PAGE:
Tips On Reading Your Nautical Chart

Looking at a nautical chart for the first time can be confusing. There is a great deal of information and it may be difficult to decipher what you're looking at and what it means.

Essentially, the nautical chart is the mariner's road map. Effectively using a chart helps you identify the best route to your destination and prevents accidents. With frequent reference to a chart, you can identify obstacles not apparent to the naked eye. Rocks and sandbars and other obstacles can stop your boat in its wake, and could harm you, your boat, and the environment.

In addition to your nautical chart, the most important publication you must have on board is Chart No. 1 – Symbols, Abbreviations and Terms (Fig. 1). This book contains all the symbols, abbreviations, and terms used on navigation charts published by the Canadian Hydrographic Service. Hundreds of these symbols and abbreviations are used on our charts. They are based on international specifications allowing nations around the world to use our charts without confusion.

The first thing you should take notice of when looking at your nautical chart is the title block (Fig. 2). It's often overlooked when referring to a chart.

Several things you should take note of in the title block include:

Regional Identification
CANADA / LAKE ONTARIO states the general geographic area of the chart.
Main Title
TORONTO HARBOUR AND APPROACHES states the specific geographic area of the chart.
Scale Identification
"Natural Scale" refers to the relationship between the size of the chart and the earth. For example, 1:15 000 means that one unit on the chart equals 15 000 units on the earth. The different types and scales of charts and their uses are:
Harbour Charts
are large scale, 1:2 001 - 1:20 000 and are used for navigation in harbours or intricate, hazardous, shoal-infested waters.
Approach Charts
1:20 001 - 1:50 000, are used for approaching coasts where a lot of detail is required.
Coastal Charts
1:50 001 - 1:150 000, are used to show continuous extensive coverage with sufficient inshore detail to make landfall sightings easy. Fisheries charts use these scales.
General Charts
1:150 001 - 1:500 000, give extensive offshore coverage with sufficient inshore detail to make landfall sightings easy. Fisheries charts use these scales.
Sailing Charts
1:500 001 and smaller, are used for offshore navigation beyond sight of land.
Projection Identification
MERCATOR. Chart projection is a method by which a curved surface, the earth, can be represented on a flat piece of paper, the chart. The Mercator projection is the most commonly used for nautical charts. It virtually reduces the shape and direction distortions that occur during the flattening process. When boating, it is essential to be able to recognize features by their shape such as points of land or shapes of islands. These shapes can be compared to the charted features in an attempt to determine your position.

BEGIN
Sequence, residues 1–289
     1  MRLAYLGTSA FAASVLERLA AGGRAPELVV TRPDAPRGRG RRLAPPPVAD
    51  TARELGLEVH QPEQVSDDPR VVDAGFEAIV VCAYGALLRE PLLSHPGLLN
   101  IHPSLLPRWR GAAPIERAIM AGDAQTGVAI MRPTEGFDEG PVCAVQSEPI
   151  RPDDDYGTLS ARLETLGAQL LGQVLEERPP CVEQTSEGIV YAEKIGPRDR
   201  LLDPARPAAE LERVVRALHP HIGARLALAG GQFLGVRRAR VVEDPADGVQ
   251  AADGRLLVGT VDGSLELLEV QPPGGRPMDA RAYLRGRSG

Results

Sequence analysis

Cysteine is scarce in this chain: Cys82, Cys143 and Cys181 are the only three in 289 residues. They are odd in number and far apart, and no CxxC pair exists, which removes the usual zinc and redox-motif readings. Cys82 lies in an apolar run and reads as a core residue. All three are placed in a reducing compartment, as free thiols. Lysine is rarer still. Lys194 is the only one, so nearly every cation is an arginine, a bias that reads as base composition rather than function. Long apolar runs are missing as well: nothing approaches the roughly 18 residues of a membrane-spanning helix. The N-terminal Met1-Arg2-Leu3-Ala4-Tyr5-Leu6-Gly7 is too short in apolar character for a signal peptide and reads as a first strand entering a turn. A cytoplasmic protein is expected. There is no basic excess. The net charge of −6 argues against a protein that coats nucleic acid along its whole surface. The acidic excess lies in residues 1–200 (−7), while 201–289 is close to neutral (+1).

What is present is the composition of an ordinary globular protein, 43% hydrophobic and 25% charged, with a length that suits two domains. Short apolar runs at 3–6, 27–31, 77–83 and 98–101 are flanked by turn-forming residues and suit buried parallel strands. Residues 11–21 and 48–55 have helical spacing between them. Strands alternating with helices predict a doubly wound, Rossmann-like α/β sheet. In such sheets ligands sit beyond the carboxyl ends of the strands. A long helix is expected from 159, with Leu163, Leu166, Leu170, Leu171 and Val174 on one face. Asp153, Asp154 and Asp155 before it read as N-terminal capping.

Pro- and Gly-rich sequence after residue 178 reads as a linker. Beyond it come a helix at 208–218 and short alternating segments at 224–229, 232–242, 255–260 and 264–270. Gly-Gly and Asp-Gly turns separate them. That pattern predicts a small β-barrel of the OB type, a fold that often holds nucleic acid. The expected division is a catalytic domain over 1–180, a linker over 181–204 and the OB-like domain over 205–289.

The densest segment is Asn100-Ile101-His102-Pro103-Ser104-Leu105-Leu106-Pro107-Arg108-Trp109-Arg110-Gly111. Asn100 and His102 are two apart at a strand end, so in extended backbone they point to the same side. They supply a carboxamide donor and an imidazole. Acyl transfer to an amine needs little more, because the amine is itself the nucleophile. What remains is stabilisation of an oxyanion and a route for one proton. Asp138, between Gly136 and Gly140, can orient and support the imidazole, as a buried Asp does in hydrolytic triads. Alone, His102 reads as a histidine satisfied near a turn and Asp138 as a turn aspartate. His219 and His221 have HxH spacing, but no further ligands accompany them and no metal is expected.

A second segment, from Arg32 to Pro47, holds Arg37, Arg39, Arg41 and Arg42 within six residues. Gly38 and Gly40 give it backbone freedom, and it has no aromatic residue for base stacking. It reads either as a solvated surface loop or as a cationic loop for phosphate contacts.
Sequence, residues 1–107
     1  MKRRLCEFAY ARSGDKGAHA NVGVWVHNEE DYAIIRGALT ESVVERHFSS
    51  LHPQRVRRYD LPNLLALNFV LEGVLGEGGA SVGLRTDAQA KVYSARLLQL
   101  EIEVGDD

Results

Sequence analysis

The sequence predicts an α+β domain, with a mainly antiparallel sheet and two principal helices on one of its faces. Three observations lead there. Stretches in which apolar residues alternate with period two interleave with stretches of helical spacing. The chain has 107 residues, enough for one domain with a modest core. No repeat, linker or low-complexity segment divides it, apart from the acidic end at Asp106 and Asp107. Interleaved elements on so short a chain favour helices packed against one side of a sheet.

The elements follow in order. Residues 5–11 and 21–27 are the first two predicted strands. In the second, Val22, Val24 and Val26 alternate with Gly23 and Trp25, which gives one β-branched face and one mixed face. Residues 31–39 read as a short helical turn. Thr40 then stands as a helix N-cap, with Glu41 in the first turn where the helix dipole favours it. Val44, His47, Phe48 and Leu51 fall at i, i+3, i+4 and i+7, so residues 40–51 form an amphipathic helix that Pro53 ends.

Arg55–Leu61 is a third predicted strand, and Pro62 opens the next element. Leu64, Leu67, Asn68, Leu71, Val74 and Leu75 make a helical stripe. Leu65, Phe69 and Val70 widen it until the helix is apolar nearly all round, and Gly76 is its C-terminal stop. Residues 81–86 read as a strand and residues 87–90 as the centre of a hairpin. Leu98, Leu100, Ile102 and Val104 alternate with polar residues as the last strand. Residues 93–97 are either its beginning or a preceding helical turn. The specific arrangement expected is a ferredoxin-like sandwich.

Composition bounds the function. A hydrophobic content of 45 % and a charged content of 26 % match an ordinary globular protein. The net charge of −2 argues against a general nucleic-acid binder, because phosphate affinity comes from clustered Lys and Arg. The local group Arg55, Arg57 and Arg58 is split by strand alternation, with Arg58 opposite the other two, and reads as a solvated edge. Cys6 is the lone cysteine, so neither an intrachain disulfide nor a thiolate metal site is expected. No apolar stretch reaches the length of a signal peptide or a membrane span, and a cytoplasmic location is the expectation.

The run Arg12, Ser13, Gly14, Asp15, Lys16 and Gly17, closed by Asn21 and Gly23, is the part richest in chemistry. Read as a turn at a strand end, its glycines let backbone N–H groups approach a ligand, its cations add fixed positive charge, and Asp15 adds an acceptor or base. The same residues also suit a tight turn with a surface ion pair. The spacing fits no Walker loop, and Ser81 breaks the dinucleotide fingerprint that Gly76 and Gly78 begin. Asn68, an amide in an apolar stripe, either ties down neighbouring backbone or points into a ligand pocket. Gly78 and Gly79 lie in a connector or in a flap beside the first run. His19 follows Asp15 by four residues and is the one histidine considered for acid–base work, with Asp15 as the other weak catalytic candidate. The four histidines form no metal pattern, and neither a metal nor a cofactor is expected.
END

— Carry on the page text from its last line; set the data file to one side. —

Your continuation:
Depths Note
the depths note indicates what units are used for the depths on the chart. Charts have depths shown in feet and fathoms
(1 fathom = 6 feet) or metres and decimetres. Eventually all Canadian charts will show depths in metres. It is important to know the units of depth on your chart. You don't want to confuse 3 metres of water with 3 feet of water.
Elevations Note
describes the datum that is used to show the elevation of structures and the clearance of bridges and overhead cables. You can use this note to determine if your boat has enough clearance to travel under the overhead cables and bridges.
Horizontal Datum
describes the stating point that is used for positioning objects on the surface of the earth. (Fig. 3) A detailed description of horizontal datums is a complex topic. To learn more, please see Symbols, Abbreviations and Terms/Chart No. 1. (Fig. 1)
Source Classification Diagram
this note identifies where data on the chart has come from and how old it is.
Symbol Reference Note
the symbol reference note is the last note in the Title Block and states: For Symbols, Abbreviations and Terms, see Chart No. 1. (Fig. 1)
Bar Scales
a bar scale is a graphic scale represented by a line or a bar that is subdivided into nautical miles, feet, or metres. This bar is used for measuring distances on the chart.
Depths
the depth of water is indicated in feet and fathoms
(1 fathom = 6 feet) or metres and decimetres. The unit used on a chart will be indicated in the title block. (Fig. 4)
Elevation Contours
lines connecting points of equal elevation. It's a graphic way of showing the shape and slope of hills and mountains that might be helpful in identifying them on the chart. Once identified, it can help identify your location on the water.
Insets
used when a particular area of the chart cannot be represented with enough detail to be safely used by the mariner. Such things as small islands and channels or marinas and yacht clubs may be of interest but cannot always be shown on a chart with a scale of 1:15 000.
Hydrographs
a graph that is used on charts in tidal and non-tidal waters and indicates the fluctuations in water level over a one-year period. This graph gives the boater an indication of the amount of water to expect above chart datum during any month of the year. It also indicates the highest and lowest water level ever recorded for each month.
Place Names
names of places shown on the chart such as points of land, islands, cities, towns, and more, of interest to the mariner.
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